Who's getting vaccinated in Pennsylvania? It depends on where you live
Three months into a statewide vaccination effort, and state officials are still struggling to get shots in the arms of all Pennsylvanians equally.
As of March 26 — the most recent data available — more than a quarter of Pennsylvania residents in 66 counties had received at least a partial dose of a COVID-19 vaccine. That doesn't include Philadelphia County, where vaccine rollout has been primarily managed by the federal government in partnership with city government.
While state officials laud Pennsylvania's vaccination program, data from the Pennsylvania Department of Health indicate there's a disparity in who is getting vaccinated. Sixteen counties have seen fewer than one in five residents become at least partially vaccinated, while eight others have seen about one in three — or more — residents receive at least one COVID-19 vaccine shot.
"Inequity of distribution isn't happening in just one specific region," said Dr. James Boyle, an internist with UPMC Passavant. "Every county, every region, has its own special issue or population where getting access and providers for vaccine takes effort."
At the top of the list is Montour County, where at one point there were more first doses of vaccine sent than there were residents because of hefty shipments sent to Geisinger Danville for distribution to other facilities. As of late March, 42.8% of the county's 18,230 residents were at least partially vaccinated, with a whopping one-third of residents — 6,149 — fully vaccinated.
At least a third of residents in smaller counties such as Sullivan, Elk and Cameron, are at least partially vaccinated, as is about a third of residents of the state's second largest county, Allegheny County. Similar numbers are seen in Lehigh and Northampton counties.
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Of the 10 counties with the highest vaccination rates, half have a population of at least 150,000 residents. Conversely, only two of the 10 counties with the lowest vaccination rates have a population over 150,000 — Beaver and Monroe counties. Meanwhile, just over one in five York county residents have been vaccinated.
The skewed distribution of shots in arms is what spurred the state to change how it's distributing vaccine, said Maggi Barton, deputy press secretary for the Pennsylvania Department of Health.
"The Department of Health is laser-focused on getting vaccine to Pennsylvanians to all corners of the state," Barton said in an email. "While the supply of vaccine remains extremely limited, instead of giving very few doses to a lot of different providers each week we will be giving larger quantities of vaccine to fewer providers. By doing this, we will get more vaccine administered across the state."
Changing how vaccine is distributed will help make sure that at least 95% of the state has close access to a vaccine provider within two miles in an urban area, five miles in a suburban area and 30 miles in a rural area, Barton said.
"This is a temporary shift until the supply of vaccine catches up to the demand," Barton said. "At that point, vaccine will be available for all of the providers."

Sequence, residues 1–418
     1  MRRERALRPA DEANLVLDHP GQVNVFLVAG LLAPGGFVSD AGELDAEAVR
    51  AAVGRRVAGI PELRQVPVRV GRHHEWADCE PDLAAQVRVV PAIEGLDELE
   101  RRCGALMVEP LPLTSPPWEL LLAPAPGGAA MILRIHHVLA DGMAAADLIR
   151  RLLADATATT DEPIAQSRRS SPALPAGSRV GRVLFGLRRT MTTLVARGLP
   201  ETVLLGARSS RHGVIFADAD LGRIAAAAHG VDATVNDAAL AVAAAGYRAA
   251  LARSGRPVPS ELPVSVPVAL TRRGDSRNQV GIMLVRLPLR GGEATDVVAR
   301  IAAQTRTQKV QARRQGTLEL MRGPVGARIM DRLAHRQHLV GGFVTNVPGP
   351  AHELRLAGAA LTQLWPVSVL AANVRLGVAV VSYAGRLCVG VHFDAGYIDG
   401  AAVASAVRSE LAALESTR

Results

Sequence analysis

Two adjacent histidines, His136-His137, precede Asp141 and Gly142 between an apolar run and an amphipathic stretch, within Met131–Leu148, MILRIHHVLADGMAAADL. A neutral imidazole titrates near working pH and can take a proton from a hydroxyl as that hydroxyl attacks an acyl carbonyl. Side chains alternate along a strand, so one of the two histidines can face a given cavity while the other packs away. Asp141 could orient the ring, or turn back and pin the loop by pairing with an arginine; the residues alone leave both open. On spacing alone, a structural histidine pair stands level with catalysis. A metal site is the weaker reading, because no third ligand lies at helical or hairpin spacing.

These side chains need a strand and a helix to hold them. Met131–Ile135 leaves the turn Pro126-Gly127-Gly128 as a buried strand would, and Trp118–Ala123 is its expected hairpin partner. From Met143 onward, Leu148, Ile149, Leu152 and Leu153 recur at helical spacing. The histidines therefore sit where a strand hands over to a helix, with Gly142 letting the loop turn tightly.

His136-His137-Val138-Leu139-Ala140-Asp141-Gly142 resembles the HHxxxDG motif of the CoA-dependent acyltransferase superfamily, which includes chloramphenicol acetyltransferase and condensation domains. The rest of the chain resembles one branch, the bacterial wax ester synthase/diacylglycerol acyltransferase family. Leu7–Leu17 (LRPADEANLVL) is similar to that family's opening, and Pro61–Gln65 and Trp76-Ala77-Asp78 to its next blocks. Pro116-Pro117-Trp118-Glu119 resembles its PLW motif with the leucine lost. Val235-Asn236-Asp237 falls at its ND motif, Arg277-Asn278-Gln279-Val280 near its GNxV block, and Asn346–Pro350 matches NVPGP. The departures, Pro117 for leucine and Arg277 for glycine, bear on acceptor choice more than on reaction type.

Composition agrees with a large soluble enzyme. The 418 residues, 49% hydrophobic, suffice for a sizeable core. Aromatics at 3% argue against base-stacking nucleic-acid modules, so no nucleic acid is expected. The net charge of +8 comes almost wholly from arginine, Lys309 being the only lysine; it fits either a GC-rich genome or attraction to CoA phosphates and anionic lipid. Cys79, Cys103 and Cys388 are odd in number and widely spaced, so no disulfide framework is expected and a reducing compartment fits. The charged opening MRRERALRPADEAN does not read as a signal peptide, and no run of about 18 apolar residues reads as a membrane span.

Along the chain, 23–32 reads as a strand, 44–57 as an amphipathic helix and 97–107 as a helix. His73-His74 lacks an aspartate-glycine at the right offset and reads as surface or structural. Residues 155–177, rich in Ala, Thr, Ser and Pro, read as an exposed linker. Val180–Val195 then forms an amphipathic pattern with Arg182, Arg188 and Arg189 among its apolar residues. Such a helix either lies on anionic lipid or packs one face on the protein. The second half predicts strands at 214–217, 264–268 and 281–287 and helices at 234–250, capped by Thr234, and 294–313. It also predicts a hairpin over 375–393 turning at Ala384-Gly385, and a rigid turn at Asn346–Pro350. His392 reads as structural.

A shortage of vaccine remains a problem for getting shots in arms, local leaders said.
Bucks County Commissioner Bob Harvie said that the county has vaccinated nearly 30% of its adults, but could do more if the state would give them more vaccine. The county is in the middle of the pack, as far as vaccine rates, while neighboring counties like Montgomery and Chester counties are above average.
"Obviously, we would love to be vaccinating more people, and we do feel as if Bucks County has not received the doses it should have," Harvie said. "We have four vaccination sites up and running and vaccinated over 3,000 people on Tuesday. There is one more site we could stand up very quickly if we had more vaccine, and a sixth site we are planning to open in a few weeks. That sixth site is also dependent on vaccine supply."
It's unclear now how many doses of vaccine are being sent to individual counties. Some health systems are using a hub-and-spoke model where they are sharing vaccine doses among multiple vaccine clinics, some of which are in different counties than they were initially sent.
That's what's happening at UPMC, where Boyle said there were previously 31 vaccine providers to receive allocations each week. Now, that's cut in half and health officials have had to pivot to share resources across county lines.
The health system has been working to make more vaccine accessible to Beaver, Butler, Lawrence and Mercer counties, Boyle said, Butler County is among the counties with the highest vaccination rates statewide, but Beaver and Lawrence are both struggling. That could be due to vaccine reluctance, health officials said, but also availability of shots.
"We have 10,000 people on our waiting list for the UPMC Passavant clinic, and 1,600 are from Beaver County," Boyle said. "We're working to get more people vaccinated."
Bucks County Courier Times reporter Marion Callahan contributed to this report. Daveen Rae Kurutz is a staff writer for the Beaver County Times. You can reach her quickly at email@example.com. Give her a follow on Twitter @DK_NewsData